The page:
Friday Night Ride to the Coast has been spreading the joy of night riding for almost 15 years.
If you missed this year’s Dunwich Dynamo, or feel that it’s a little too big, chaotic or (whisper it) competitive, you might trying catching the next Friday Night Ride to the Coast.
This is a carefully organised event run by “the Fridays”, a club devoted to the singular cause of safely delivering you at a conversational pace from the Smoke to the sea. They do this every month from spring through autumn, requiring only third party insurance and an annual membership fee of £2.
Friday Night Ride to the Coast – or The FNRttC, as it’s known to veterans – has been spreading the joy of night riding for almost 15 years, flying quietly under the radar of most cyclists dazzled by mass congregations such as the Dynamo and the Exmouth Exodus.
It was started by Simon Legg, who spent a decade escorting thousands to Brighton, Whitstable and other destinations with decent transport links. When he retired he entrusted his legacy to a group of seasoned ride leaders who take turns as mother hen.
The distance ranges from 55 to 75 miles, and popular routes can attract more than 100 participants. There are tail-end Charlies and human waymarkers, sometimes recruited on the spot, to ensure nobody is lost or left behind.
Rides begin at midnight with a chat about safety and etiquette, jokes optional. Mechanical problems along the way are met with expert assistance, though you’re advised to give your bike a thorough checkup beforehand, and particularly implored to “lose everything that you don’t really, really need”.
A ride leader gives the opening instructions
It’s all a far cry from the Dynamo-style experience of hoping the blinking lights ahead of you are going the right way. Let’s just say the £2 is good value.
It’s a great social mixer, but there are also opportunities for solitude as you pull each other along on an invisible stretchy rope. Punctures are a communal affair. “Houston, we have a problem,” one of the minders will more or less transmit to the front, and so all will wait, grateful it wasn’t them. This time.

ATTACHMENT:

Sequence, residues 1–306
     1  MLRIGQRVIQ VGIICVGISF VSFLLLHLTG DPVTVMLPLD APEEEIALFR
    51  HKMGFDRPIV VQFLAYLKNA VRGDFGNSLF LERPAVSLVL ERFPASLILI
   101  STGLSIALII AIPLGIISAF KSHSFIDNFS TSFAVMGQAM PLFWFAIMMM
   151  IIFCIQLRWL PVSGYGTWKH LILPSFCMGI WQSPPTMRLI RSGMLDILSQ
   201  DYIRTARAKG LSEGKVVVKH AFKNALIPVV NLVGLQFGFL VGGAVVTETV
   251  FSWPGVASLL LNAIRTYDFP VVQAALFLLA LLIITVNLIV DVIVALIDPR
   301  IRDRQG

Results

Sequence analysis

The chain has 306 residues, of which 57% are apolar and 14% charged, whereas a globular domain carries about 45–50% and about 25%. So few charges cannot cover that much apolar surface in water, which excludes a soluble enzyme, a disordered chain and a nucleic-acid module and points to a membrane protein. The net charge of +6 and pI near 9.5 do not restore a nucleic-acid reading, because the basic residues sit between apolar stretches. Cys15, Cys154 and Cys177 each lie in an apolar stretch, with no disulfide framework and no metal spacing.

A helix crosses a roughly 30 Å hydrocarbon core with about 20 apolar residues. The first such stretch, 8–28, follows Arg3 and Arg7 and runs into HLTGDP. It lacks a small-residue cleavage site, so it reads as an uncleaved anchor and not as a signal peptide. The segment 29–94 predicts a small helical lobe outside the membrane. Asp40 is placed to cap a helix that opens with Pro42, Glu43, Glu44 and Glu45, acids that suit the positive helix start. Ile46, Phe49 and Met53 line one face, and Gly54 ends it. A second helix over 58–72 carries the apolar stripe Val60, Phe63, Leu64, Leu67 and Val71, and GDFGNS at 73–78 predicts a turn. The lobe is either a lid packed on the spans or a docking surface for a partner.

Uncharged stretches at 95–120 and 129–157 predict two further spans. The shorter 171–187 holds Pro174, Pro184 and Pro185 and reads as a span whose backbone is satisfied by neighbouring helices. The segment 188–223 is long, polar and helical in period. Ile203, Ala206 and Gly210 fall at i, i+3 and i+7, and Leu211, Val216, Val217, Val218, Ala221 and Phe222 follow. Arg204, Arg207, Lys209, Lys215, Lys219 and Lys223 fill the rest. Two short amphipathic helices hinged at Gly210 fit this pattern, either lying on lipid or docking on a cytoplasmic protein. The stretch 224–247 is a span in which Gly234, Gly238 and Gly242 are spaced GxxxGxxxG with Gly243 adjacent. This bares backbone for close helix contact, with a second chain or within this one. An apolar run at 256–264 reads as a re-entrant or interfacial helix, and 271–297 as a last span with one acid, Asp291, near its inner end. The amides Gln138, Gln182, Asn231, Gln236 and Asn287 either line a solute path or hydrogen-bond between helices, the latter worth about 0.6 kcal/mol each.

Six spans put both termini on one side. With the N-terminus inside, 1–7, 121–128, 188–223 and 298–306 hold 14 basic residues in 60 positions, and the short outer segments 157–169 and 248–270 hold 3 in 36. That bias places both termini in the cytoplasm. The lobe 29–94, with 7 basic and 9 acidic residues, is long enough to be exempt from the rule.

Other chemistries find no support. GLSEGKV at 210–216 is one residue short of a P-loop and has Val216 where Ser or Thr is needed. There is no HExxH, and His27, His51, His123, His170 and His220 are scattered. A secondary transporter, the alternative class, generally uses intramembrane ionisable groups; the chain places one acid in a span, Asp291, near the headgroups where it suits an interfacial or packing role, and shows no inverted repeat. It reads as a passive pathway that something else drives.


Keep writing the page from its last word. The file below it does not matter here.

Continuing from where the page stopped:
“Why ride at night?” you may be asking. It can seem daunting, particularly after a work day, and anyway, what is there to see? I almost imagine Fitzgerald discussing it with Hemingway: “The night is different to the day.” “Yes, it’s darker.”
We ride at night because it’s there, conveniently out of the way of the usual routine. Less traffic is a bonus, but magic moments are made of more than this.
There’s the moon, for a start: those times when it paints the road silver and the mist mysterious, inviting you to dabble in poetry. When not moonstruck, the darkness itself is the draw, a coverlet silencing the day’s concerns, yet granting permission for thoughts to drift forever out into space – while remembering to yell “Car up!”, the traditional cyclist’s warning of traffic on the lanes. Or “Cow up!”, as we found on a recent ride to Eastbourne.
Fixing a puncture becomes a communal affair
There are bats and badgers and other nocturnal creatures clocking in, which helps rouse you out of any stupor you may have been falling into. Hills become easier. Shrouded in mystery, their summits mere conjecture, they are far less daunting.
But possibly the biggest draw is the intimacy of cycling with people all on the same mission, getting a buzz off their energy, their tired happy faces in the morning’s light a mirror of your own.
“Why are you doing this?” I’ve asked fellow riders, particularly when the weather gods haven’t been kind and perspiration is more than matched by precipitation.
Answers ranged from: “I’m getting miles in to help with Paris-Brest-Paris” – a 1,200km jolly – to: “My friend talked me into it.” There were plenty of dreamy shrugs: “Why not?” In the FNRttC, a small group of people can find a way of bucking the system, or at least their usual circadian rhythms. For some, it’s an answer to a question they may not even have been aware they’d been asking themselves.
• The next scheduled ride is London to Whitstable, on 9 August. Visit the FNRttC website for more information. Sam Walker’s report of the last ride, to Eastbourne, can be found here.
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